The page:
Bangladesh factories open as economic worries trump virus

Aug 19, 2021, 9:11 PM | Updated: Aug 20, 2021, 10:10 am
Garment employees work in a sewing section of the Snowtex Outerwear Ltd. factory in Savar, Banglade...

Garment employees work in a sewing section of the Snowtex Outerwear Ltd. factory in Savar, Bangladesh, on Aug. 9, 2021. Bangladesh is suffering through its deadliest surge of the pandemic, but you wouldn't know it looking at its factories, markets and malls. At the Snowtex Outerwear Ltd. factory on the outskirts of Dhaka, the company's 15,000 workers now walk through a “disinfectant tunnel” in which they are sprayed with sanitizer before they get to work turning heaps of fabric into clothing sold in countries around the world. (AP Photo/Mahmud Hossain Opu)

(AP Photo/Mahmud Hossain Opu)

DHAKA, Bangladesh (AP) — Bangladesh is suffering through its deadliest surge of the pandemic, but you wouldn’t know it looking at its factories, markets and malls.

The South Asian nation home to 165 million people has done away with most virus restrictions, allowing businesses to reopen to enthusiastic crowds following weeks of strict measures put in place following the arrival of the highly contagious delta variant.

The move at a time when deaths and new infections are still rising and vaccination rates remain low has alarmed health experts, who warn that the country can’t handle more cases when the health care system is already overwhelmed. But those in favor of reopening say the risks of staying closed are even greater, including pushing tens of millions of people back into poverty in what was already one of the world’s poorest nations.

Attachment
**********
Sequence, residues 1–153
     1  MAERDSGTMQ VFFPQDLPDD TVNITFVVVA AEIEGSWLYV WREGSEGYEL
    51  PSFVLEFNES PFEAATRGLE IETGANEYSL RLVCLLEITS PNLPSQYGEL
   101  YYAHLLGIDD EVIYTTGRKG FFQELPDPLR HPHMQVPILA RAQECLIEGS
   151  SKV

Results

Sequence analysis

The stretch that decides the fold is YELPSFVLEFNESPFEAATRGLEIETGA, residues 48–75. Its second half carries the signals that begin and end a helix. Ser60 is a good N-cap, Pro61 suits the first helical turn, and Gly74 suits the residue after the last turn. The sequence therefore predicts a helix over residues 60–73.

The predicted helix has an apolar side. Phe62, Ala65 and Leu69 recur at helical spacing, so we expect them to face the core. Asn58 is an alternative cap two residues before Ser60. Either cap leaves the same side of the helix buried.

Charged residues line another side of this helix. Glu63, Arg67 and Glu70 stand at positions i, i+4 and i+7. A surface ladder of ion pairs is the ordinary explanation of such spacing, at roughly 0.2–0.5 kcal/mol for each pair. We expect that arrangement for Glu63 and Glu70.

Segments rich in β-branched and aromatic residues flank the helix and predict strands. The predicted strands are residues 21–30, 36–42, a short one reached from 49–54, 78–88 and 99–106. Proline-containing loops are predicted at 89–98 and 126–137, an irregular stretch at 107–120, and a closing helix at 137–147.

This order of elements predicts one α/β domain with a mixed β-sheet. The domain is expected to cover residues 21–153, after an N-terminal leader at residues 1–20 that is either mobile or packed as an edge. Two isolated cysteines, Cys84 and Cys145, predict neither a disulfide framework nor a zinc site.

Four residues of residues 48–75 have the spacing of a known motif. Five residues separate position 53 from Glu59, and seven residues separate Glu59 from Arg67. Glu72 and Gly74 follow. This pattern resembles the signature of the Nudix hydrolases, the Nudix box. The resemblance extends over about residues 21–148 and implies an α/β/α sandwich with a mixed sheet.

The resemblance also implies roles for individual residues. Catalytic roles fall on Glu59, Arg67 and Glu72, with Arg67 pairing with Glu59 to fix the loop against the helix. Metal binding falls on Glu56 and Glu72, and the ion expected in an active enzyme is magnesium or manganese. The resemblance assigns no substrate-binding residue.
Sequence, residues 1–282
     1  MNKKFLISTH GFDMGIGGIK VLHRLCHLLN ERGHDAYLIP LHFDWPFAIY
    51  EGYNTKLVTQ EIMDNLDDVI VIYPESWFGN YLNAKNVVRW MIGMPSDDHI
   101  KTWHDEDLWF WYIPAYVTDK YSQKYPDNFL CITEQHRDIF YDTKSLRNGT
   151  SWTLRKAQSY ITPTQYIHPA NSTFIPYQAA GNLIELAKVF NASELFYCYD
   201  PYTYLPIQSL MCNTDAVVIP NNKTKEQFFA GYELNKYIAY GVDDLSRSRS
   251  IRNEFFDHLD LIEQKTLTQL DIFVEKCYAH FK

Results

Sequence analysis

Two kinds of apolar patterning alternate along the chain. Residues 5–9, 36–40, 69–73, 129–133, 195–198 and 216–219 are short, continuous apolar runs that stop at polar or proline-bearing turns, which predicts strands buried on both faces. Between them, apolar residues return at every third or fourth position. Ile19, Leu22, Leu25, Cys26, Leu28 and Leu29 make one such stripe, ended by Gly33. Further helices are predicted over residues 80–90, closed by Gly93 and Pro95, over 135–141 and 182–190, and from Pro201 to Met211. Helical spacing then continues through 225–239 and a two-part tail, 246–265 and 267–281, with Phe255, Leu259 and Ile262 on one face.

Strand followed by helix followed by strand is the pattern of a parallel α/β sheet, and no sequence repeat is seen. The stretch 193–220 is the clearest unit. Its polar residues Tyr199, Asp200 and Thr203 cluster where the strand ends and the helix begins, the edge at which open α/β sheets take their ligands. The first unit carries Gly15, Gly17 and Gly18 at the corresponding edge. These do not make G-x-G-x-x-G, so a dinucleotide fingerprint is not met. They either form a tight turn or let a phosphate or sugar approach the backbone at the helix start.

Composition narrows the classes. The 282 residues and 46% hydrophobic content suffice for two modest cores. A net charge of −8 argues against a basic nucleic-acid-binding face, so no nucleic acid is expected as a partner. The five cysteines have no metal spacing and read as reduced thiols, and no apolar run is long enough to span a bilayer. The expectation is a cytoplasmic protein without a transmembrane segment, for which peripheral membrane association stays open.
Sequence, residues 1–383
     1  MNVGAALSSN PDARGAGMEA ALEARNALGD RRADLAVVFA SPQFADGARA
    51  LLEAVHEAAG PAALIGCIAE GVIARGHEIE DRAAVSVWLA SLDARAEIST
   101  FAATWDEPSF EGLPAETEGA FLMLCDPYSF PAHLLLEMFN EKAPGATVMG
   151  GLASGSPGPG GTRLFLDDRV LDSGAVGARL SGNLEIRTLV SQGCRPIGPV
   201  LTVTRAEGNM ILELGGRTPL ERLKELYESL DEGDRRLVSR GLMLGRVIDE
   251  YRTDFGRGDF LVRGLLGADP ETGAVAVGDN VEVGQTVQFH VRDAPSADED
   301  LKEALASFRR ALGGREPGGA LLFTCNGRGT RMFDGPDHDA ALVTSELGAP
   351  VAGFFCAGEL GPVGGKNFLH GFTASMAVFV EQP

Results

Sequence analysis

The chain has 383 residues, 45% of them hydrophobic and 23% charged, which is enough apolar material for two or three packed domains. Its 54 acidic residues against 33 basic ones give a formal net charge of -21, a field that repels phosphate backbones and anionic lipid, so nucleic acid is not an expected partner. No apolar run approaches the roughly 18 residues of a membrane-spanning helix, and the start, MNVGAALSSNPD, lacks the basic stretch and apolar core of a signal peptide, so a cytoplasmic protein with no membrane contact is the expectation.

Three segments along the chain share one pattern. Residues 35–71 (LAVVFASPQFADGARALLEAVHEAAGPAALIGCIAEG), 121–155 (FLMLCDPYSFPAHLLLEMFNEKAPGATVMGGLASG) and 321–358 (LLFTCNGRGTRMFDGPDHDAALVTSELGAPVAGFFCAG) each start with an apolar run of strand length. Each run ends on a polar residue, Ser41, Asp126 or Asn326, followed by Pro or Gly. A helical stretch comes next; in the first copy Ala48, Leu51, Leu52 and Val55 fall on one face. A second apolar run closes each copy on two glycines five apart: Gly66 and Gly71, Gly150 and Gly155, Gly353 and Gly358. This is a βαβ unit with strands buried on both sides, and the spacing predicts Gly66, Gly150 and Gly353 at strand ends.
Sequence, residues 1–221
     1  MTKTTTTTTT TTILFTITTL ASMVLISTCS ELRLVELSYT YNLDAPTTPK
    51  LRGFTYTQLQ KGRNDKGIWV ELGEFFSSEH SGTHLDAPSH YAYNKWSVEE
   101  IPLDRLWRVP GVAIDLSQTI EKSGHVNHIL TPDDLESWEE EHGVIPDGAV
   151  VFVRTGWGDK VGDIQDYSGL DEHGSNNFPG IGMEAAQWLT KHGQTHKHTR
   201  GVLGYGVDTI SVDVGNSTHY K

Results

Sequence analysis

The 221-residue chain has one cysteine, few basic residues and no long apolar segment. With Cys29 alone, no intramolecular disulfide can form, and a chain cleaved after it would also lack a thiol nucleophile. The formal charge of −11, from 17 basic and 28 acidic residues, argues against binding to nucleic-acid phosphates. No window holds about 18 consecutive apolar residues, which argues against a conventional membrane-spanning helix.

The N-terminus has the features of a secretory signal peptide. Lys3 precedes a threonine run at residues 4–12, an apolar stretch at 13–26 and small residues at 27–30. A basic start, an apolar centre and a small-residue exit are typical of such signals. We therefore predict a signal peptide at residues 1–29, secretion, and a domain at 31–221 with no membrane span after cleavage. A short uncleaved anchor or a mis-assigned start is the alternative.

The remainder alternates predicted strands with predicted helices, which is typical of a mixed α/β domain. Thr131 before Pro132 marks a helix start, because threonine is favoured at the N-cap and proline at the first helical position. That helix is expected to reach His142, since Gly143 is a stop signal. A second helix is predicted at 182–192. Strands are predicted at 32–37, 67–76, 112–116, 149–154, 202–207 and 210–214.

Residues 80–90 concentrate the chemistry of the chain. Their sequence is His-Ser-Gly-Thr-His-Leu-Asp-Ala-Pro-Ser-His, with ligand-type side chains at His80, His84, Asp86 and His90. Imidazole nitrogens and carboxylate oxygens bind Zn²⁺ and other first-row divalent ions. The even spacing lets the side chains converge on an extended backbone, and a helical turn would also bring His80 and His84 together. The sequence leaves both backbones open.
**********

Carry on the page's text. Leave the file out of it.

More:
Ending the lockdown kicked off earlier this month with the reopening of the country’s prized garment factories after a two week closure. Then last week most other businesses, as well as public transportation, were also allowed to start operating after being closed for nearly five of the previous six weeks. From Thursday, tourist spots, resorts and hotels could also open.

At the Snowtex Outerwear Ltd. factory on the outskirts of Dhaka, the company’s 15,000 workers now walk through a “disinfectant tunnel” in which they are sprayed with sanitizer before they get to work turning heaps of fabric into clothing sold in countries around the world.

“We understand that we must protect lives. But we must not forget about the livelihoods of millions of workers in the industry,” said S.M. Khaled, the managing director of the company, which exports $250 million of goods a year.

Bangladesh’s clothing factories, part of the world’s second-largest garment industry, have been exempted from most of the lockdowns, other than the two weeks that ended at the beginning of the month and another 11 days at the beginning of the pandemic last March. Nevertheless, the Bangladesh Garment Manufacturers and Exporters Association estimates the industry lost $3 billion in orders last year.

Some garment factories closed and at least 300,000 workers were laid off, often without severance, according to the Bangladesh Center for Workers’ Solidarity. Many of those who kept their jobs had to take pay cuts.

Nearly 25 million more people in Bangladesh have been driven into poverty since the pandemic began, according to a report by the Power and Participation Research Center and Brac Institute of Governance and Development. Bangladesh had about 32 million people living in poverty in 2019, according to the Asian Development Bank.